A terrible first day at a new job. You show up only to find your wonderful new boss is not ready for you. Nobody greets you. I would like to say I am making this up — but it happened to me. I once sat in the lobby for over an hour waiting to get going at a new job after graduate school.
This is a tale of a company at a crossroads. Innovation had stalled. Teamwork was anemic. It was a time of stagnation. Leaders wrung their hands over the ailing enterprise. So they issued a decree. “Hear ye, hear ye! Remote work is banned. All employees must return to the closest regional office.”
Extreme openness. This was the original intention of the open-office design. Breaking down walls would also break down barriers — everyone could exchange ideas throughout the day. The organization would realize a hyper-state of transparency where the best ideas would always win. But I bet you have experienced a different reality with this floor plan.
We are living in unsettling times. In 2016, you may have found yourself saying “What?!” out loud a lot. And I am betting that this year your knee-jerk response has become, “Now what?” But uncertainty in the world is nothing new. And it definitely is no stranger to business.
My friend Mary recently shared a recurring nightmare. It involved a twisted metamorphosis into a donkey. It was Disney’s fault — specifically, the film Pinocchio. You know, the scene where the mischievous boys transform into jackasses? It scared the heck out of her as a kid. But these days a different type of donkey haunts my friend.
I was recently talking with a CEO who was having trouble hiring and retaining good people. He was considering opening new locations and adding a few remote workers. His thinking? More people. My thinking? More problems. Guaranteed.
Crazy quotas. Anything to close a deal. Pushing customers no matter the cost. If you are a regular reader of this blog, you already know how I feel about the traditional approach to sales. Customers have changed, yet the selling process has not. But here is a surprise — I am about to come to the defense of salespeople everywhere.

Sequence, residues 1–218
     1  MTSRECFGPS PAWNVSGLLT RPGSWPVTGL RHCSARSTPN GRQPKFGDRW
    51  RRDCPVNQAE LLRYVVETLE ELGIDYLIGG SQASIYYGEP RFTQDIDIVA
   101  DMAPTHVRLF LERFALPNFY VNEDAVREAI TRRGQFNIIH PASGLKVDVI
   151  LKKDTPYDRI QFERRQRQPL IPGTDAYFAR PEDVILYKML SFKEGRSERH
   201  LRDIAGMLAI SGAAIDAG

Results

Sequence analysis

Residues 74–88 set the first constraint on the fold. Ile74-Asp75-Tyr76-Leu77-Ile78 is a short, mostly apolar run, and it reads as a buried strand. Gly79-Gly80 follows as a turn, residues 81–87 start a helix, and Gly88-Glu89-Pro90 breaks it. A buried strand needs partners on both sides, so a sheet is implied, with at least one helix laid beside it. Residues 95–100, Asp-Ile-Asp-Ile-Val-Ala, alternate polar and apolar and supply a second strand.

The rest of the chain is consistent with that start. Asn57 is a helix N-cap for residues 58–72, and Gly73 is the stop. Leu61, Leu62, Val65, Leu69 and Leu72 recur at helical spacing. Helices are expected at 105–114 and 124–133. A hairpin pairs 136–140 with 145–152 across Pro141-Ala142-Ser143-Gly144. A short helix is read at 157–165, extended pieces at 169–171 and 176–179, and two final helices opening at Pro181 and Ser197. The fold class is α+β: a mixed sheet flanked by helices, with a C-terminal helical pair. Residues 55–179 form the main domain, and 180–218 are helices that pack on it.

I was wary at first. My previous company gathered everyone for an all-hands meeting. This was several years back when I was working at a fast-growing software company. About 150 people crammed into a room that was meant for maybe 25. People were practically on top of each other. Disaster ahead?
Getting lost used to be much easier. One wrong turn and you could lose your way. You might pull over to unfold a faded paper map. Maybe even ask a stranger at a gas station for directions. Now smartphones and GPS have changed the way we navigate. But even the best technology cannot tell you where you want to go.
I learned how to write business models in graduate school. Although, it really felt more like writing long and complicated novels. I once spent three months working on one for a hypothetical home services referral website. I even conjured up crowd-sourced reviews for my would-be business. The process revealed a depressing plot twist.
I studied philosophy. (True.) You know the old cliché about the tree falling in the forest. If no one is there to hear it, did it really make a sound? Well, remote work may seem that way for some. After all, how can you be sure people are actually working if you are not there to witness it?
I am always thinking about what’s next at work. (Even on vacation sometimes, like now.) But at our recent, all-team meeting I made a conscious decision to stop. And I did something I have never done before — I interrupted my presentation and asked everyone to stop too. I wanted us all to take a moment to be in the “now.”
Do the words “offsite quarterly business review” or “annual sales kickoff” make you want to run far, far away? You are not the only one. Sitting through endless presentations in stale conference rooms — ugh. But these kinds of large group meetings are especially important for remote teams.